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Initial post: May 31, 2007 2:36:59 PM PDT
nealfrancis says:
OK, let's start with the idea of depravity which leads to the need of salvation. Calvin believed in TOTAL depravity. Dead men don't talk. We are DEAD in our sins and there's nothing we can do. We need salvation. It's God's doing. That's at the root of protestantism/evangelicalism.

Next is the Catholic view. They're a little fuzzy. We need salvation (convienently provided by them and only them. Think: cornering the market) but there are things we can do to improve our salvation and undo sins both venial and mortal. (Some of these "things" caused Luther to post his 95 theses on the Wittenberg door, but he, interestingly enough, didn't oppose the entire concept)

The Orthodox view was where I ended up before I left the faith: Men are naturally good because God made them, breathed into them etc. Sin caused a distortion but not total depravity, otherwise how could man ever approach God (bible-God). And even though they say "We know where grace is, not where it isn't", like the Catholics, to really be saved, you need them.

But what is salvation? Is it just a legal proclamation by God (and his "legal" representative, the local pastor/priest) if we accept his terms? Or is it, as I say "REAL." Does something really happen to us, change us, etc. The evangelicals of course would say yes. You will become a better person, you will be more loving, kinder, more patient. The fruits of the Spirit will be in you. Evidence you were "saved."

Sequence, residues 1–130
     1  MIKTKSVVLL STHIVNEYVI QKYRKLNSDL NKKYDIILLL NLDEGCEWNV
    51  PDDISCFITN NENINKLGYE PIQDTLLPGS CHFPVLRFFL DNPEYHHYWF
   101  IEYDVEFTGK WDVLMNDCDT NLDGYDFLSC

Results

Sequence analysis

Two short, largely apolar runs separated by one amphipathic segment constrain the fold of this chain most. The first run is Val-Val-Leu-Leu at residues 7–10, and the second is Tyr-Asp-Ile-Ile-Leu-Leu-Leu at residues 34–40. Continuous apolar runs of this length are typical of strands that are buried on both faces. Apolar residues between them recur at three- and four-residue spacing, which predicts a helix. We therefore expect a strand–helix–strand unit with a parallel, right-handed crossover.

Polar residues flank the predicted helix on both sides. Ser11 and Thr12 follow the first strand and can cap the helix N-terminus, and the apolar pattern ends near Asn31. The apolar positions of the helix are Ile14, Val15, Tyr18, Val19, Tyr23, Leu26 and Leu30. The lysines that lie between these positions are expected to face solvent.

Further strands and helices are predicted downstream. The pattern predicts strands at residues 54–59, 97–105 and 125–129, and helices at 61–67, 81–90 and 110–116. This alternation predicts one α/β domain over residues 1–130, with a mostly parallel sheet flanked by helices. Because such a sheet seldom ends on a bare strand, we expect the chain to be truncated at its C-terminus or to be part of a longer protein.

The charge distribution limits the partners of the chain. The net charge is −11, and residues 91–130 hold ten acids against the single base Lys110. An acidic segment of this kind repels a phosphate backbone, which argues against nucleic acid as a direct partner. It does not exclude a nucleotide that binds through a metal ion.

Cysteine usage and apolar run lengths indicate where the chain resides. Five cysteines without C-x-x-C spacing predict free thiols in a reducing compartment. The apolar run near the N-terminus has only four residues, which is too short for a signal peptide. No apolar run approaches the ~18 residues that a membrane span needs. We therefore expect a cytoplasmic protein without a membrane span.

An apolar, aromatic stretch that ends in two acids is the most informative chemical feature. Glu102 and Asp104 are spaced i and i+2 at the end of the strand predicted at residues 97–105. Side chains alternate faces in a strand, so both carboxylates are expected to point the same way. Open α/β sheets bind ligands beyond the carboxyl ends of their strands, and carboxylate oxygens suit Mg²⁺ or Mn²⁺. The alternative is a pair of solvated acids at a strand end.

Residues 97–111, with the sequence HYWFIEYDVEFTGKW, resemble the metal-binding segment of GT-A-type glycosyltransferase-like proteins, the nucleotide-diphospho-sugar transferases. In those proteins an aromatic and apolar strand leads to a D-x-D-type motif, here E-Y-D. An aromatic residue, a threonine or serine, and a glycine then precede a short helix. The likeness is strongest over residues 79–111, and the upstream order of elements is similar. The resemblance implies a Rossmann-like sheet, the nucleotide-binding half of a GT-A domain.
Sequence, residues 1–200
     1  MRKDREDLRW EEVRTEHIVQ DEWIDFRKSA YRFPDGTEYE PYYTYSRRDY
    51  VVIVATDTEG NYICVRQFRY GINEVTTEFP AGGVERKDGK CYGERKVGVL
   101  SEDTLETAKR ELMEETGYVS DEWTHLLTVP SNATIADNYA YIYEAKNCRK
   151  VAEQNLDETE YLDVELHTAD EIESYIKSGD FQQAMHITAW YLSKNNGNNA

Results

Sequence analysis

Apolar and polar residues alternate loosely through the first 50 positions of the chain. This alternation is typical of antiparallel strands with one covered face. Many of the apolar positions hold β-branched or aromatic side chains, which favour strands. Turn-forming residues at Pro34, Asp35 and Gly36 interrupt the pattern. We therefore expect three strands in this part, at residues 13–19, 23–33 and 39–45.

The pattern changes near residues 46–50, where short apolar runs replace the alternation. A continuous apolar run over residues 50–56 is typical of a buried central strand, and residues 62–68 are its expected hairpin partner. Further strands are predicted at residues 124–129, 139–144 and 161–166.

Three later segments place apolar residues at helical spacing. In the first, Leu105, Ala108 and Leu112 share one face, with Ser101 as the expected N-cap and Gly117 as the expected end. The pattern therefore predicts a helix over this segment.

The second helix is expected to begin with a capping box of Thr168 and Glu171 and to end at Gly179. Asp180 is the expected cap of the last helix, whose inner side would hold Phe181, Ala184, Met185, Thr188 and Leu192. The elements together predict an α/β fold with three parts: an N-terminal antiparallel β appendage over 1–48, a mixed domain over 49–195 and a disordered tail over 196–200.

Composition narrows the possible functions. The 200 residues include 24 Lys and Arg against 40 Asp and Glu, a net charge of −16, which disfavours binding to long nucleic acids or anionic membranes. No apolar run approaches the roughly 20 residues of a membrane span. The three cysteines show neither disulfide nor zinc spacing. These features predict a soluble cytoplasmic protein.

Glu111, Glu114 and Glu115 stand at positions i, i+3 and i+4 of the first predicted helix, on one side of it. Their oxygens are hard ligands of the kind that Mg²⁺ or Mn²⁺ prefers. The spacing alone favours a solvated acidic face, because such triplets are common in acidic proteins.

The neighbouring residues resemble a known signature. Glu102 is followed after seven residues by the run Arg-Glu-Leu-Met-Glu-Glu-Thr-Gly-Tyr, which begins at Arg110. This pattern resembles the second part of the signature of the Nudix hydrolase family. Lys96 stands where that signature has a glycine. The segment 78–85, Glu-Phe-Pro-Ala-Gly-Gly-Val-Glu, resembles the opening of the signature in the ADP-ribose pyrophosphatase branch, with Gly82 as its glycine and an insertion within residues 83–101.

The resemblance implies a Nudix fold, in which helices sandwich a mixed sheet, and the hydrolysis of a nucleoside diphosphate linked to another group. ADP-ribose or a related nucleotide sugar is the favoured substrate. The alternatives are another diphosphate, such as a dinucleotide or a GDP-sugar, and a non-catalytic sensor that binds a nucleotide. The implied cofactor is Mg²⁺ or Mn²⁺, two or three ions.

OK, Here's the rub. If we were Totally depraved, which whether you know it or not evangelicals, this is what you believe, how could you ever make a move toward God. Why would you want to? You should be an enemy of God. The spawn of Satan. And, oh yes, I know your bible wheels are spinning. I also know the scriptures "But God commends his own love toward us, in that while we were yet sinners, Christ died for us."

Died for us? That's another discussion but what is the reality of how people get "saved?" You get invited to church, a revival meeting perhaps, a christian rock concert. Something is drawing you. (But wait, why would that be, you are depraved. An enemy of God) You go to the service and feel compelled to go to the altar. You repeat the words of the minister and BOOM, you're SAVED. But that not the end of the story. There should be evidence. You should be a better person.

OK, here's the real rub. What if a person, who never accepted salvation, demonstrated the fruits of the Spirit as listed by Paul? That is, they are kind, patient, good, etc. (And remember the Trinitarian gift of Constantine's council, THE SPIRIT IS GOD) Is that just a trick of the devil? A mirage? There are great ontological problems if you go down that path. A true patience and a false patience? I don't think so. Truth that's true is truth.